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Should You Use the Punch?

Despite conventional wisdom that says closed fist strikes are dangerous, they should still be taught to police officers.

September 17, 2009  |  by James Harbison


Should law enforcement officers use the straight punch in a violent confrontation? Yes, if that level of force is justifiable under the standard of objective reasonableness established by the Supreme Court.

But when we examine the issue more closely, there are identifiable caveats-issues that should make us wary-to such a simplistic perspective. What about risk of injury to officers? What about public perception? What about training?

Every law enforcement agency has a use-of-force policy, and most permit the use of personal body weapon strikes (PBW). Typically, these PBWs consist of hand strikes, elbow strikes, knee strikes, and kicks taught by the agencies' defensive tactics instructors.

The extent to which policies enumerate the type of striking techniques and where they fall in the use-of-force continuum varies from agency to agency. I know of several agency policies that address personal body weapon strikes as a force option, but the instructors from those agencies told me they do not formally train in specific striking techniques, including punching. Conventional risk management wisdom says if a force option is in your policy, there should be specific training to address it.

To Punch or Not To Punch?

I have taught a wide variety of striking techniques to my martial arts students over the past 30 years. I have also taught personal body weapon strikes to my law enforcement students over the past 20 years, but the straight punch was never part of the repertoire.

Instead, I substituted a palm heel strike for a straight punch. I also teach a hammer fist and an uppercut punch, both of which have different mechanics than a straight punch.

The largest deterrent to teaching straight punches has been the risk of injury to the officer. As I mentioned, the mechanics of a straight punch differ from other hand strikes, and those differences result in a technique that requires a higher level of skill, which in turn requires more training. And the last thing that most agencies want to do is pay for more training.

Perception and Injury

Still, even though most agencies don't teach their officers how to punch, their officers still use this strike on the street. An officer from a large metropolitan law enforcement agency told me that his officers were punching their aggressors with increasing frequency, yet they do not teach punching techniques as part of their defensive tactics training program. This led to a discussion on the validity of punching as a viable force option.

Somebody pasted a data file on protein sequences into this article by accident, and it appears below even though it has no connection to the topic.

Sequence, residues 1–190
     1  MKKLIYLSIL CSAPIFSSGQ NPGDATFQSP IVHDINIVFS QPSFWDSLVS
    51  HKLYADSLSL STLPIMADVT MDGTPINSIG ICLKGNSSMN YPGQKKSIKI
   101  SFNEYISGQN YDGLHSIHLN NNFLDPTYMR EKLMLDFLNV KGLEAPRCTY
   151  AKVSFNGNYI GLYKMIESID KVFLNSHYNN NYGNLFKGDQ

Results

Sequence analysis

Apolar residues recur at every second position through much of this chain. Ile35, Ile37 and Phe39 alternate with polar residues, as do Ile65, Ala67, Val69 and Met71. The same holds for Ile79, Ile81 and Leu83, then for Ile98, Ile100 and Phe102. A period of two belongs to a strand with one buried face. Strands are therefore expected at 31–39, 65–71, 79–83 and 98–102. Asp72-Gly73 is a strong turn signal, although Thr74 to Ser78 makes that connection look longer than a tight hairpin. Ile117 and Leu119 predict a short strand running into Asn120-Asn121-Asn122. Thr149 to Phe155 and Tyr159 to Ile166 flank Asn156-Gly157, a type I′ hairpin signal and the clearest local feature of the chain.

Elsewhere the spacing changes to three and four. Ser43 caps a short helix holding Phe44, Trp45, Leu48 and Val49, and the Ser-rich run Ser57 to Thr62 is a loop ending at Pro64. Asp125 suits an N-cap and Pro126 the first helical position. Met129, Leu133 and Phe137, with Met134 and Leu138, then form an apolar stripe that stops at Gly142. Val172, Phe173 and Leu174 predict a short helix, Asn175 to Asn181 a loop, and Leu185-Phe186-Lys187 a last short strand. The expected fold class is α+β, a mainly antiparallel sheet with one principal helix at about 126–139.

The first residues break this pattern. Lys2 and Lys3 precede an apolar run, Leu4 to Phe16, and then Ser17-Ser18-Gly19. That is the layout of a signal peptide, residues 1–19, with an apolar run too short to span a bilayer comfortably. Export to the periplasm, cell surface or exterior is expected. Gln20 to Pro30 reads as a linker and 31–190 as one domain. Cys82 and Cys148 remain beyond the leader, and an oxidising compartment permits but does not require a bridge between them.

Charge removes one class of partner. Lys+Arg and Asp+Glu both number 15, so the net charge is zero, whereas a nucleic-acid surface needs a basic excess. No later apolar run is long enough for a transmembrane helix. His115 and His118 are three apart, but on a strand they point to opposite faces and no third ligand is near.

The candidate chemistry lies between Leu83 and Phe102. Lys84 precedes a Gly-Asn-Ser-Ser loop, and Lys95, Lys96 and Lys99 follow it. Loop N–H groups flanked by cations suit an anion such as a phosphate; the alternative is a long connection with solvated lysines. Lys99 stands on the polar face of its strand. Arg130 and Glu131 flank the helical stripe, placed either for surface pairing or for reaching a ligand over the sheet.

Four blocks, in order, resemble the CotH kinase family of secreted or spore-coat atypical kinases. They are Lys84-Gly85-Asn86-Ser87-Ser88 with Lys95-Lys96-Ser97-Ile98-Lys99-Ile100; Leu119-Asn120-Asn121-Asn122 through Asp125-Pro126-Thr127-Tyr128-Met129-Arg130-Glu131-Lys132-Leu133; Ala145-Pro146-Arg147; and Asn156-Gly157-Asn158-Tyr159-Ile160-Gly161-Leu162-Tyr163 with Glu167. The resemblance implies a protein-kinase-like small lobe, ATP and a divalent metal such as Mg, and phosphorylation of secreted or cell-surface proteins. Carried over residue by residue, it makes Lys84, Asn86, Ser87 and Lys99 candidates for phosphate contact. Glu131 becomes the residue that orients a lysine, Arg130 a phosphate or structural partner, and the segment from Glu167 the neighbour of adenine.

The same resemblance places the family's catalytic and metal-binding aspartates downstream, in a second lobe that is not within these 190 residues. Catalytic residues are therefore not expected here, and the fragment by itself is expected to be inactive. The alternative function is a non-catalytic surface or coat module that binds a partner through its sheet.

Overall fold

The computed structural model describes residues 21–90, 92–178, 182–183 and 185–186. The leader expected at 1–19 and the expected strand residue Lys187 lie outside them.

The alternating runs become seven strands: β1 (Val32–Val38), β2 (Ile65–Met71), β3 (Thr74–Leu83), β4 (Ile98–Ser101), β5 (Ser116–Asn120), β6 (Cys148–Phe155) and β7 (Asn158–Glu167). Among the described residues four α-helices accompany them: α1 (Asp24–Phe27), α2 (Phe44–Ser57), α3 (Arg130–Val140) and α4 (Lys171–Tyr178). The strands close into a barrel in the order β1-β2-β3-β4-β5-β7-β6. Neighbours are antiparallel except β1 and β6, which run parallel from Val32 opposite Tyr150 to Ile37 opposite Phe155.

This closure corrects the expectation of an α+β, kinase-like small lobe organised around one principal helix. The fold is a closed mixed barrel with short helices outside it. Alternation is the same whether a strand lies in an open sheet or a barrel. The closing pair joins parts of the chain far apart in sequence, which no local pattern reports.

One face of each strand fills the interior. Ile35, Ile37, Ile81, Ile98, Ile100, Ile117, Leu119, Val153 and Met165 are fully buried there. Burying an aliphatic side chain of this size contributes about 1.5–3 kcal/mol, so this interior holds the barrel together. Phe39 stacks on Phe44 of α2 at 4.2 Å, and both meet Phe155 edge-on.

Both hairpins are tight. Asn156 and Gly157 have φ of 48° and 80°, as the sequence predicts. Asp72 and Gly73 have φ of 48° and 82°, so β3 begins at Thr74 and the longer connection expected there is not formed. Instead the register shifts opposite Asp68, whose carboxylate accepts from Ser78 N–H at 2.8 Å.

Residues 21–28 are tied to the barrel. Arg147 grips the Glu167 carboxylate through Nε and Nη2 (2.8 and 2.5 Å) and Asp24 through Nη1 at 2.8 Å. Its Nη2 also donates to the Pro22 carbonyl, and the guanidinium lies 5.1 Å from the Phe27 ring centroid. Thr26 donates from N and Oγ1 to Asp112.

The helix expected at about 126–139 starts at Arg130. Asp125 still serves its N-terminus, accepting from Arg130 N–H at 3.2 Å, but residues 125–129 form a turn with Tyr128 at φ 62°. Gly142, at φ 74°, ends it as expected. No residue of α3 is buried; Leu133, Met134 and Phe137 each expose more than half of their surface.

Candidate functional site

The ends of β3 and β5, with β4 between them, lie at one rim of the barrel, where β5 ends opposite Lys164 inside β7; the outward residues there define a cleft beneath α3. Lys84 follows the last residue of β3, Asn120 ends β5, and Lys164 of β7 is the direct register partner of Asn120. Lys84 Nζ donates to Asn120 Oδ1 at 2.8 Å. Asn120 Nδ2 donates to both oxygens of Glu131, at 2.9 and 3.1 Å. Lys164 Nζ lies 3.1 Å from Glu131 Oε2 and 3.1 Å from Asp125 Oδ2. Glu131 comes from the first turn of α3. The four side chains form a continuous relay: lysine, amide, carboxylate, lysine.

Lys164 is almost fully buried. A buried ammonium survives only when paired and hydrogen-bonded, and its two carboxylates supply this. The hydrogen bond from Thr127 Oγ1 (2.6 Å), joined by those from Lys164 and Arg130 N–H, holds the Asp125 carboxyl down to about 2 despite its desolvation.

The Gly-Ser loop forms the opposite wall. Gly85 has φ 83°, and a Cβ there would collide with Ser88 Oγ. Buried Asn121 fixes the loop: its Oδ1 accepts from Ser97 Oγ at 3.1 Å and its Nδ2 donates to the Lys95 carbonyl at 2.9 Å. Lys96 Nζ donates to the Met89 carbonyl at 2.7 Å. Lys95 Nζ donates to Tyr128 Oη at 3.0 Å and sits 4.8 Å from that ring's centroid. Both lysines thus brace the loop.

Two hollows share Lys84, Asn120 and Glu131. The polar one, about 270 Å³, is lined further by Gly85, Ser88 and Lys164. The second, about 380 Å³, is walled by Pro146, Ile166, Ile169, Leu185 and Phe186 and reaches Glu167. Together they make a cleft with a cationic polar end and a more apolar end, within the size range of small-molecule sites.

His perspective was that if you punch a suspect on the job, you'll break the small, fragile bones in your hand.

An injured hand (particularly your dominant or shooting hand) is a valid concern, but if you punch properly-meaning you have the right mechanics and hit the right target-the risk of injury is minimal.

I've also encountered the admonition, "It looks bad from a public perspective." That's arguable. But frankly, very few use-of-force incidents "look good."

We use force to protect ourselves and the public. Our concern should be focused on whether the force is objectively reasonable, necessary, and effective. With the ubiquitous cell phone video cameras, we have grown overly concerned about what will look bad to the public. There is value in knowing we are accountable for our actions, but our safety and the safety of the public trump the whole public perception issue.

People Like to Punch

So should your agency teach punching as a force option for its officers? Let me share what I've learned over the course of the last four years of teaching an in-service defensive tactics program.

Four years ago, my agency formalized its personal body weapon curriculum to address a training deficiency. We chose not to teach a straight punch due to time constraints. We felt we could address the need for a hand strike with a straight palm heel strike, in less time, with less risk of injury in both training and practical application.

We continued to train in this manner, incorporating the PBWs into each of our subsequent annual in-service training blocks, until we made a startling discovery.

This year, we ran every participant (roughly 600 sworn law enforcement officers) through a defensive tactics evaluation. We asked each officer to perform 12 tasks, one of which was to demonstrate a PBW hand strike on a striking shield. We did not specify which technique they were to use.

Nearly 60 percent of the participants threw a straight punch at their target. This was somewhat surprising for us on two levels.

First, we had never trained our personnel to throw a straight punch. Second, one of the pieces of data we collected for each participant was the type of training they have had, and only 25 percent claimed to have any combat sport, martial art, or advanced weaponless defense training.

Yet under pressure, nearly 60 percent of the participants threw straight punches. This suggested an innate reflexive response rather than a trained reflexive response, a result we felt was significant, and one that we needed to address in our training.

The reality was this: For three years we tried training our personnel not to throw a straight punch. In spite of this, under the mild stress of a performance evaluation, the dominant hand strike that the majority of our officers chose to use was a straight punch. We concluded that it has now come time to train officers how to throw a proper straight punch.